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Announcement for USGS geodetic workshop - updating the U.S. National Seismic Hazard Maps

Date: 07/25/2012

Forwarded announcement from Mark Petersen, USGS:

The USGS is currently updating the National Seismic Hazard maps that are planned for release in 2014. These maps will be considered as the basis for future U.S. building codes. A geodetic workshop will be held October 18-19, 2012 (beginning in the afternoon on the 18th) in Newark, CA (San Francisco Bay area) at the corporate headquarters of RMS. In this workshop we will consider new western U.S. geodetic deformation models. This workshop will follow the California workshop, which will be held on October 17-18 (morning) and consider the new UCERF 3 model.

The workshop will consider questions related to how we translate GPS observations into earthquake rate models. Geodetic data have been collected over the past several decades and most scientists participating in our workshops are of the opinion that the National Seismic Hazard Map models should incorporate those data. The geodetic models consider slip rates with geologic constraints on the San Andreas Fault System, Cascadia Subduction Zone, Walker Lane, Wasatch Fault, and other regional faults, with the remaining strain rate budget being allocated to surrounding areas. These residual strain rates may constrain the amount of off-fault earthquake activity included in the hazard source model. While the geodetic model provides a regional tectonic loading-rate, not all of the total moment rate is seismic so the ratio of aseismic/seismic slip rates is also a critical parameter needed to define the earthquake rates used in the hazard analysis. Some of the new models have total moment rates that exceed the geologic moment rates. This may be caused by the uncertainty in the seismogenic depth of the fault/background earthquake sources. Another important issue for seismic hazard assessment involves the stationarity of slip rates through time (transient effect and clustering in deformation rates). This leads to the question of whether faults can turn off or on or can exhibit temporal clustering patterns. These discrepancies and issues will be discussed at the Geodetic workshop.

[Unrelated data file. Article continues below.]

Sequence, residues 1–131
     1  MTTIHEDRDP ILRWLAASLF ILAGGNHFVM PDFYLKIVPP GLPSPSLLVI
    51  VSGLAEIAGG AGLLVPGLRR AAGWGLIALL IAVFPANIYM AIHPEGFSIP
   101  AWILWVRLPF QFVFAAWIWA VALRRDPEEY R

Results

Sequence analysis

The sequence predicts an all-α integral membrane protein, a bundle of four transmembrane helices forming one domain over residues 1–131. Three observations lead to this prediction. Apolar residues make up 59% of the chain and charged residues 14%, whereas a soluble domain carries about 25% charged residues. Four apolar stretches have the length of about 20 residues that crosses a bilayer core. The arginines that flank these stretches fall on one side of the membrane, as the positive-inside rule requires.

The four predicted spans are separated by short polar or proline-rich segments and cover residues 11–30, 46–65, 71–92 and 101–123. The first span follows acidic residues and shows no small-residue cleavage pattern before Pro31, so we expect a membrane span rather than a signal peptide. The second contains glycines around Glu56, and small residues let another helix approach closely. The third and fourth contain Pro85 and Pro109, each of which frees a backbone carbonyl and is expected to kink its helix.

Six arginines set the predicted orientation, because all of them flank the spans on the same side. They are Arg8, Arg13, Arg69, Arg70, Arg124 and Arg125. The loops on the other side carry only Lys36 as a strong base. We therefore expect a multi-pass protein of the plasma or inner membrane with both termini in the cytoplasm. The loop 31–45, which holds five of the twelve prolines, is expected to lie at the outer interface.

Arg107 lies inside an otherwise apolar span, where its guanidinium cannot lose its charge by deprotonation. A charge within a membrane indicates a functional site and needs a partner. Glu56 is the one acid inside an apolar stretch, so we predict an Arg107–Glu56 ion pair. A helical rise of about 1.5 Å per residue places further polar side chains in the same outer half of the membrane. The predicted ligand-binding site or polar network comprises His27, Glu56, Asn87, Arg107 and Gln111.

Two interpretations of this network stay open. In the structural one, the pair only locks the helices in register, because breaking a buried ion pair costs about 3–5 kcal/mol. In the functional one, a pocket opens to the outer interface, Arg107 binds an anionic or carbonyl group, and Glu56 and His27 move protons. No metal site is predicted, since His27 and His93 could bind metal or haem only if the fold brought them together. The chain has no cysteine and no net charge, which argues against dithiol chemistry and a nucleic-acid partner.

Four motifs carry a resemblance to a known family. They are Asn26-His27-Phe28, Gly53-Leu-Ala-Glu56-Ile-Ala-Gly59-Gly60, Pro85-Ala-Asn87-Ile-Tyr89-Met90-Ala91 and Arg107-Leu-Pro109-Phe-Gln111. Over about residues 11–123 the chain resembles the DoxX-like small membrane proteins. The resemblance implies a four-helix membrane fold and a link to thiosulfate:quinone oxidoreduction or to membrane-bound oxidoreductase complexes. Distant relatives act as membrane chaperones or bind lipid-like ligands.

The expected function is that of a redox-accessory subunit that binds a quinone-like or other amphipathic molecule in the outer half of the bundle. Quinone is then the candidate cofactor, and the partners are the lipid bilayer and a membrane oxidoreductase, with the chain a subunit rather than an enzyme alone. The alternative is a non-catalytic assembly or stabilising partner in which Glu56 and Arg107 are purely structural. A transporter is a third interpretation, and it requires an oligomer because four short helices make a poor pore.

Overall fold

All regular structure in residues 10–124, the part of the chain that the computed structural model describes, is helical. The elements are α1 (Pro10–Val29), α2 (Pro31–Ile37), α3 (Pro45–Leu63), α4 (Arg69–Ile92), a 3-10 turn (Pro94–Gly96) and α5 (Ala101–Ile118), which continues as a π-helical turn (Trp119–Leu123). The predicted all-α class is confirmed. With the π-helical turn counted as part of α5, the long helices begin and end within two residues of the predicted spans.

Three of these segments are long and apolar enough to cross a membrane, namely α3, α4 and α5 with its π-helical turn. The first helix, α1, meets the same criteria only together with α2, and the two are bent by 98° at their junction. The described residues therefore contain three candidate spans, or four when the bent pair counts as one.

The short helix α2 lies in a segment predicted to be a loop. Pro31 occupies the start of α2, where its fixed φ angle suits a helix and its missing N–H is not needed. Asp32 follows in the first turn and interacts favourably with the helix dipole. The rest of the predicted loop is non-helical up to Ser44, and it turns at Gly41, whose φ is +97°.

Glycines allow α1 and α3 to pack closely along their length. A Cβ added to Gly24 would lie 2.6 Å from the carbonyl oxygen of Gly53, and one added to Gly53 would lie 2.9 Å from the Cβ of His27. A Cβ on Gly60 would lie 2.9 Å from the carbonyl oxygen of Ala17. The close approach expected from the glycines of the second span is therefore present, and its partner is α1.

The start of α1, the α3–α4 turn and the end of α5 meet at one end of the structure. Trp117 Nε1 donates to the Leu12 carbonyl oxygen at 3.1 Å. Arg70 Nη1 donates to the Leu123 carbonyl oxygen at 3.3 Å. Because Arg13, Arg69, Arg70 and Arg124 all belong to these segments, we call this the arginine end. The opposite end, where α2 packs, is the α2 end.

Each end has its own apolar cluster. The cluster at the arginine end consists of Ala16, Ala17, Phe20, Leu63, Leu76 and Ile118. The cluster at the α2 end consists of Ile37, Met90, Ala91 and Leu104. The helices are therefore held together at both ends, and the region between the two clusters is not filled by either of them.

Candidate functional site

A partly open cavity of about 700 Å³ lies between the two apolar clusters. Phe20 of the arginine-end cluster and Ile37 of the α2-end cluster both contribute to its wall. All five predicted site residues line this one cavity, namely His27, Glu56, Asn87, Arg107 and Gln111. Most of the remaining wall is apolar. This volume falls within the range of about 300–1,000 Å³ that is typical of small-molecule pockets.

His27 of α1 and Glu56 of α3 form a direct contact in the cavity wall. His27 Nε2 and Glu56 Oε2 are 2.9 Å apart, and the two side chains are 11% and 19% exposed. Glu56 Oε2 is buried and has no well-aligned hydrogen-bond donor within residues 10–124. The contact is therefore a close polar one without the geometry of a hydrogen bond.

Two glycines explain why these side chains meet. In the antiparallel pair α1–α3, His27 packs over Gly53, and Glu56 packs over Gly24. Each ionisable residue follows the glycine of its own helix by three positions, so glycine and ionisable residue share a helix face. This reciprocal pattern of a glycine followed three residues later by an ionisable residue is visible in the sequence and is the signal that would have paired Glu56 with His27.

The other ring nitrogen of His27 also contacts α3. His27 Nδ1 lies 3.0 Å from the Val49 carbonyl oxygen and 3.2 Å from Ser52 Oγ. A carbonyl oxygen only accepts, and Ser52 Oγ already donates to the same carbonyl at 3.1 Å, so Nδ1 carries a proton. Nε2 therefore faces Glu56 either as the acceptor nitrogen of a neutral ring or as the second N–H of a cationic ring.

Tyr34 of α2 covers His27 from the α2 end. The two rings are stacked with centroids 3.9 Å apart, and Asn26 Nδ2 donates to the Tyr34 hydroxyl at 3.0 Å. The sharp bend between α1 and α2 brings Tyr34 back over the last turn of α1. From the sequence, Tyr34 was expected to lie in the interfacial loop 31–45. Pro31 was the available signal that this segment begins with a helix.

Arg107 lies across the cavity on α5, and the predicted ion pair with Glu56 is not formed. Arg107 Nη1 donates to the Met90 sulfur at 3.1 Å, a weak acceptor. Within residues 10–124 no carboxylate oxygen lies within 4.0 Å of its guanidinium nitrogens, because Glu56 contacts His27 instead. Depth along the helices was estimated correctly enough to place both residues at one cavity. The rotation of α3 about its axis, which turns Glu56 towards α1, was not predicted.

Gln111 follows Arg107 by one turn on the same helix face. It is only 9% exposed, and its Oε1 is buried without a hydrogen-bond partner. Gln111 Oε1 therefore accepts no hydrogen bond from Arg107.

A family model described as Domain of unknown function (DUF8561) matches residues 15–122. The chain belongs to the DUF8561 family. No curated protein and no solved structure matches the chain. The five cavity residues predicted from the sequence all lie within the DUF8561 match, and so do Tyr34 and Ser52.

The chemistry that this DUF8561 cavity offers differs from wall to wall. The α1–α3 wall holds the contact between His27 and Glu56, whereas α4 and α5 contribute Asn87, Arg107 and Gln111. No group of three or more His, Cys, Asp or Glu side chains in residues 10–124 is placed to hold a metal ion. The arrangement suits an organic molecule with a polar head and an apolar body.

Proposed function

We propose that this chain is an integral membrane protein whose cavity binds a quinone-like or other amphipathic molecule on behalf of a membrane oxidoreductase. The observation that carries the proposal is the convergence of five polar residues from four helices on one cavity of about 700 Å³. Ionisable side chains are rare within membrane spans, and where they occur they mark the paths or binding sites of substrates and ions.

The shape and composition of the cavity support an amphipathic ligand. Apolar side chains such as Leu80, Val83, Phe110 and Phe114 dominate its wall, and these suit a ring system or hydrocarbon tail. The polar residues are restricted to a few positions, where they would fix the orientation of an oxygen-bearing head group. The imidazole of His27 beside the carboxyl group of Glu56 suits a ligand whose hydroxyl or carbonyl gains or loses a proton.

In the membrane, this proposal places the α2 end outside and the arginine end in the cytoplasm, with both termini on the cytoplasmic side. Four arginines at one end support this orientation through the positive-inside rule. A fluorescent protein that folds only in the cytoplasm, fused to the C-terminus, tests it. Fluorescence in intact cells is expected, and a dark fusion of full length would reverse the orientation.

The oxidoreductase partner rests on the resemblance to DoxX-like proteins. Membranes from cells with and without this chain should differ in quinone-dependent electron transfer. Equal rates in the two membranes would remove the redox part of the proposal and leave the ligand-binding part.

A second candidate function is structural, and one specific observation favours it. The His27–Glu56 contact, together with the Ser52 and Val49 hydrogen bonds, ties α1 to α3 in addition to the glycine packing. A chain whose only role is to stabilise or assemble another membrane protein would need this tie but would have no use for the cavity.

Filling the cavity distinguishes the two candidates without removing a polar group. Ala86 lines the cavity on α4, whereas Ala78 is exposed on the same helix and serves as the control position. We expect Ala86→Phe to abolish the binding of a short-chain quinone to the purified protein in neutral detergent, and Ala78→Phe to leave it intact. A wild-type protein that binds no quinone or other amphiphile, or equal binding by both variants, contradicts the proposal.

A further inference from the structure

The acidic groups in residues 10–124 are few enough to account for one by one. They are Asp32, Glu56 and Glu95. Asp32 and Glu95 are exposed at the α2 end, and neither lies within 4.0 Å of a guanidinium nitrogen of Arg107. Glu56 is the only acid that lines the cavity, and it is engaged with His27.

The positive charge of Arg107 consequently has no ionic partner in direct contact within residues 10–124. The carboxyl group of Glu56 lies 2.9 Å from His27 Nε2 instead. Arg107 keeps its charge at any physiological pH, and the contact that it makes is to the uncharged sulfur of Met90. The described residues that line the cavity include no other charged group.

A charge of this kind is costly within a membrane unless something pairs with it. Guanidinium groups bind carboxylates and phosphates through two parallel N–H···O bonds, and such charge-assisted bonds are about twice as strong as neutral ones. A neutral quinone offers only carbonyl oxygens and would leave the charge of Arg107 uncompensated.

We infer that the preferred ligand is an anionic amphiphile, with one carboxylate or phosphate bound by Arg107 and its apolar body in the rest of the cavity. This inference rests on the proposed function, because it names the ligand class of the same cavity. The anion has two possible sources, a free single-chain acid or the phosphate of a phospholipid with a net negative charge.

We invite all interested parties to participate in this workshop. To register for the workshop please go to the website: https://geohazards.usgs.gov/mailman/listinfo/nshmp-geodesy . We look forward to discussions on geodetic input to these new earthquake source models.


Yuehua Zeng, Wayne Thatcher, and Mark Petersen